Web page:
Every breath they take…: “The domination of mainstream hip-hop is a triumph for sampling in the same posthumous way that the Eagles’ Greatest Hits becoming the best selling album of all time would be a triumph for the nomadic spirit of Gram Parsons.” Look, everyone! It’s the Guardian‘s regular pop writer Tom Cox! And he’s talking out of his arse again! Oh, of course he’s not wrong about Puffy and Richard Blackwood making really bad records, but let’s look at this ‘domination of mainstream hip-hop’ again.

In England, it doesn’t even exist – Will Smith, Puff Daddy and that’s pretty much it, maybe ten singles a year in a chart with fifteen new entries a week. Now, both those men sample very obvious things. I’d say Smith does it well, Puffy does it badly. But that isn’t even a movement, let alone ‘domination’.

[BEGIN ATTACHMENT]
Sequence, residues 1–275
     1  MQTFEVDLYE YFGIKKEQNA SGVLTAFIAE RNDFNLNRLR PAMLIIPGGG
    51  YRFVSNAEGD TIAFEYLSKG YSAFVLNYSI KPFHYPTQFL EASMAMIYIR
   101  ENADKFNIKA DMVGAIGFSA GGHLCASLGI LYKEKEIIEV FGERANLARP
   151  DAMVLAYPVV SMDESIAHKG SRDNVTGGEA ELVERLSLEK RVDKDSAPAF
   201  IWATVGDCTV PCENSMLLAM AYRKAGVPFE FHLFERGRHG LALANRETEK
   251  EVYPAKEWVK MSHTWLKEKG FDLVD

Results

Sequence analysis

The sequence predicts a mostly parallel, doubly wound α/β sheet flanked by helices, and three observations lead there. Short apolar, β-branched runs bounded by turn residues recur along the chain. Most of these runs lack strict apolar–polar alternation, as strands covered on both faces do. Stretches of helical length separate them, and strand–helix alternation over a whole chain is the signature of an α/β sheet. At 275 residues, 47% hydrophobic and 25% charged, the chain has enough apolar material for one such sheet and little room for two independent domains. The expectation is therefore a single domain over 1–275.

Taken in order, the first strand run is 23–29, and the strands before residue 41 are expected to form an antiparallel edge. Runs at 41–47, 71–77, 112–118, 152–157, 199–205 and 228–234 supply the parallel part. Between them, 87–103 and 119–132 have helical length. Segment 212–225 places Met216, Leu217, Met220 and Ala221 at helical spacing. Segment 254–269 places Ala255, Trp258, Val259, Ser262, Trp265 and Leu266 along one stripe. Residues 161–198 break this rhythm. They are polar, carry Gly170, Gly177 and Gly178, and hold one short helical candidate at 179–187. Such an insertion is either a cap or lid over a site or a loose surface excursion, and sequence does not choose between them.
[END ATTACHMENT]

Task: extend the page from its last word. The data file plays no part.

And in America? Most of the big-selling hip-hop at the moment is being made without using samples at all, as far as I can tell: it’s synth noise and drum machines all the way for the likes of the Ruff Ryders stable. Now, I’m sure Cox has his problems with that too, but Puffy is hardly king of the hill anymore. And the producers that do use samples tend to do what producers have always done – they look around a bit and find out what works: is the Egyptian flute sample from Jay-Z’s “Big Pimpin'” common currency? Hardly.

In other words, if Cox’s argument was any more straw-man it’d be holding hands with Judy Garland. Either Cox is dim or ignorant enough not to have realised that Blackwood is a typical TV novelty act (the modern equivalent of his beloved 1974’s Benny Hill) and that nobody likes Puff Daddy anymore, or he’s just cynically writing this kind of nonsense as part of his campaign to get us all listening to the fucking Wondermints. Either way he shouldn’t be doing the job he is.

There are a hell of a lot of ways to attack mainstream hip-hop, and sampling for that matter, with bite. Unfortunately for Cox, they all rather require listening to some.